Germany’s consumer sector is in focus today with the March forecast for the Gfk Consumer Climate Index. We’ll also see an update on sentiment in the UK retailing sector via the February release of the CBI Distributive Trades Index. Later, the Chicago Fed’s updates its measures of the broad trend for the US economy based on the bank’s National Activity Index.
Germany: Gfk Consumer Climate Index (0700 GMT) The broad trend for Europe’s biggest economy is expected to remain healthy in 2017, but if there’s a reason for caution you’ll find it in recent updates for consumer spending.
Retail sales in Germany slumped in December, declining for the second month in a row. Consumption fell 0.9%, a softer decline compared with November’s hefty 1.7% slide, but sales were down in three of the last four monthly reports.
The weakness is expected to continue in January, according to the German Retail PMI. The index slipped to 50.3 last month, just above the neutral mark that separates growth from contraction. “Germany’s retail sector was close to stagnation in January,” said the IHS Markit economist who oversees the survey.
The odds for a rebound also look subdued via expectations for today’s survey data from Gfk. The consultancy’s Consumer Climate Index (CCI) for Germany is projected to dip modestly for what’s billed as the estimate for March.
Econoday.com’s consensus forecast calls for CCI to edge down to 10.1 in today’s update from 10.2 in February. The prediction is still close to the best reading for the past year and so it’s still accurate to say that the mood is comparatively upbeat in Germany’s consumer sector.
In any case, analysts will use the Gfk data for deciding if the weak numbers for spending of late are set to roll on.
UK: CBI Distributive Trades Index (1100 GMT) Brexit blowback pinched retail spending in January. Is a repeat performance brewing for February? Today’s CBI data offers an early estimate.
In fact, the crowd’s looking for a modest rebound. The CBI Distributive Trades Index, which is considered a leading indicator for UK retail spending, is projected to rise to 5.0 in February from January's minus 8, according to TradingEconomics.com’s consensus forecast. But the rise will still leave the index well below the 35 reading for December.
The expected increase for the CBI benchmark implies that the hard data on retail spending will stabilise in January via the year-on-year comparison. That would be welcome news after three straight months of a softer annual rate of growth. But given the relatively modest rebound expected in today’s CBI data, it’s reasonable to assume that the trend in UK consumer spending will remain subdued in January's hard-data update that’s due next month.
The headwind that cut spending in January: higher prices, due in part to rising inflation unleashed by the slide in sterling following last June’s Brexit vote.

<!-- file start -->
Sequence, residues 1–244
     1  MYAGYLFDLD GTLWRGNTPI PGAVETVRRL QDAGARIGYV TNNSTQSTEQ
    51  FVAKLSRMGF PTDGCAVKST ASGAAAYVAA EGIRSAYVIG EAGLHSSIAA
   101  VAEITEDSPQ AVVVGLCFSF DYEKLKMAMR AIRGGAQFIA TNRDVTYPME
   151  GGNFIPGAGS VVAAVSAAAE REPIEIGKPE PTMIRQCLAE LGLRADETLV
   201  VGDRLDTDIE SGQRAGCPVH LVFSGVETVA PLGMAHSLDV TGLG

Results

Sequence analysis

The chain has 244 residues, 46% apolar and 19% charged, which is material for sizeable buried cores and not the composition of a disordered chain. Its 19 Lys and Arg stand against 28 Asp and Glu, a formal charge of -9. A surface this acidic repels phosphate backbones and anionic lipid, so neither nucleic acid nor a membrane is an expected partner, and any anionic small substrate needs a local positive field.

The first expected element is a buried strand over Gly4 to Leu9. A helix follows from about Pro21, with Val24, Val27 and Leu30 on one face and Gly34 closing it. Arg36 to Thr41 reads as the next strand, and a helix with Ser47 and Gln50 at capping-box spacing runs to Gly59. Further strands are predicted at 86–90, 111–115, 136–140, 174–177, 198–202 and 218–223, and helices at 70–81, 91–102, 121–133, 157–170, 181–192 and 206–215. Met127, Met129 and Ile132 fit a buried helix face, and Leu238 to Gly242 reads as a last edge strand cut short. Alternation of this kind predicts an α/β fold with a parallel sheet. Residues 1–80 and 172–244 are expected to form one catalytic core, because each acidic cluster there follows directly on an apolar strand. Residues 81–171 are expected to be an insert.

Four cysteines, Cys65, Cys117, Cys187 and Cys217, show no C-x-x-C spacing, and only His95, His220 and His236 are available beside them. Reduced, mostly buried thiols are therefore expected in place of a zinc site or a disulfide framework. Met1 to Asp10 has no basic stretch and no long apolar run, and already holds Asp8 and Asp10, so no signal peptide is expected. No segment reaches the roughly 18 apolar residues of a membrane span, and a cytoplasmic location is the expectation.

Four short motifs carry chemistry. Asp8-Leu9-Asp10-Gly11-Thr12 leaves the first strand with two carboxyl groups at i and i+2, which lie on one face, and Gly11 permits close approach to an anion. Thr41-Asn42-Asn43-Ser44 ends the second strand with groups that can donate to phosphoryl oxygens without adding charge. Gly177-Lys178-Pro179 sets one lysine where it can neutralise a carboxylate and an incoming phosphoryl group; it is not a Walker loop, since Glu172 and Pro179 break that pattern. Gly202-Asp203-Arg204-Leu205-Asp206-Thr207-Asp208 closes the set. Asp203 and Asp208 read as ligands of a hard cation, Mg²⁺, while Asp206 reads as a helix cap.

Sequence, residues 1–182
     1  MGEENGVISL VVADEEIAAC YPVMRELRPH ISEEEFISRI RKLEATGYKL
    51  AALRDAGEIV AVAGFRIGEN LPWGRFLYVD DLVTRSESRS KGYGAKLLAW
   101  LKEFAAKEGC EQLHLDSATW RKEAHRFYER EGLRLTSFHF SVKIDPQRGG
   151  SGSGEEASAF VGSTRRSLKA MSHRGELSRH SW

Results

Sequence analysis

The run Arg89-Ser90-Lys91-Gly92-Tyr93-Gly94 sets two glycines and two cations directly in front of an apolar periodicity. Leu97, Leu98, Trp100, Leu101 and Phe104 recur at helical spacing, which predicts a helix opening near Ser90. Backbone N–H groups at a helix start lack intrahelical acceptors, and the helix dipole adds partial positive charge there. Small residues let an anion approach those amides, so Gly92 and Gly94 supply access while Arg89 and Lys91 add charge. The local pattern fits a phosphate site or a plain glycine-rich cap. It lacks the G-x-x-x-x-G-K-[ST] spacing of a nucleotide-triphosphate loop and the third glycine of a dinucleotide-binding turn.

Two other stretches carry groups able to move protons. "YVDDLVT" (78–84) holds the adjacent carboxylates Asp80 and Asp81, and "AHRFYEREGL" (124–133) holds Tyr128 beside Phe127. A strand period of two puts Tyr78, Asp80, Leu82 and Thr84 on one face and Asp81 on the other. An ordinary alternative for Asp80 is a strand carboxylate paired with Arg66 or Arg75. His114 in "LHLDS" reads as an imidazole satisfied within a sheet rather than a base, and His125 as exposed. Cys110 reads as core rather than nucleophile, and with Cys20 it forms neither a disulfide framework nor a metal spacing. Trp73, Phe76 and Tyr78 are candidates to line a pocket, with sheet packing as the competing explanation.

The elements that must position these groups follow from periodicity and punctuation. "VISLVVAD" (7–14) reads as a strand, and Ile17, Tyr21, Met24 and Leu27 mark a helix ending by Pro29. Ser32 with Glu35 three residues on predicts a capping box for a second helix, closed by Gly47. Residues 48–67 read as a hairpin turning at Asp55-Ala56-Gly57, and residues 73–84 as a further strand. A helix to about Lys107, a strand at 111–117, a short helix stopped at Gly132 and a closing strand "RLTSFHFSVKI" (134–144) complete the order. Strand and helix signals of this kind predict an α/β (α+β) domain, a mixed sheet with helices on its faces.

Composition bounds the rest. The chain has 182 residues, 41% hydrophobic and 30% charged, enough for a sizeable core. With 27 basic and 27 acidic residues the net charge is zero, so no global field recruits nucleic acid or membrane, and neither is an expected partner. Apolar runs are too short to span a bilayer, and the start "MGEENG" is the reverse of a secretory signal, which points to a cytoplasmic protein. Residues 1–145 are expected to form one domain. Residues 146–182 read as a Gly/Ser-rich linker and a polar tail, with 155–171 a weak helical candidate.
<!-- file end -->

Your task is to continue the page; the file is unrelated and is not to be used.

“The theme for most forecasters this year is that consumer spending is going to suffer as higher prices erode real incomes,” an economist at Scotiabank warned last week. The market will be keenly focused on today’s release for deciding if the caveat is still credible.
US: Chicago Fed National Activity Index (1330 GMT) US economic growth is on track for a moderate pickup in the first quarter, according to the implied growth forecast for GDP via the US Composite Output Index for February.
Markit’s survey data is currently expecting a 2.5% rise in Q1 output, moderately above the 1.9% increase in 2016’s Q4. “The survey’s employment index is meanwhile indicating that a respectable 165,000 jobs were added to the economy in February,” said Chris Williamson, chief business economist at HIS Markit.
Today’s January update of the Chicago Fed National Activity Index is also expected to offer an upbeat profile of the US macro trend. TradingEconomics.com’s consensus forecast for the index’s monthly reading calls for a rise to 0.10, which translates to an implied three-month average of minus 0.03 – the strongest reading in over a year. The near-zero print equates with economic growth that’s close to the historical trend rate.
Although the outlook for the economy remains encouraging, the Federal Reserve is still expected to keep interest rates on hold at next month’s policy meeting. Fed funds futures are pricing in a rate-hike probability of less than 20% for the mid-March announcement from the central bank, based on CME data for mid-day trading on February 22.
But some policymakers are laying the groundwork for squeezing monetary policy. Earlier this week Cleveland Fed President Loretta Mester said she would be “comfortable” with a rate hike if economic activity remains on a “sound footing.” In fact, that's the message expected in
today’s update from the Chicago Fed.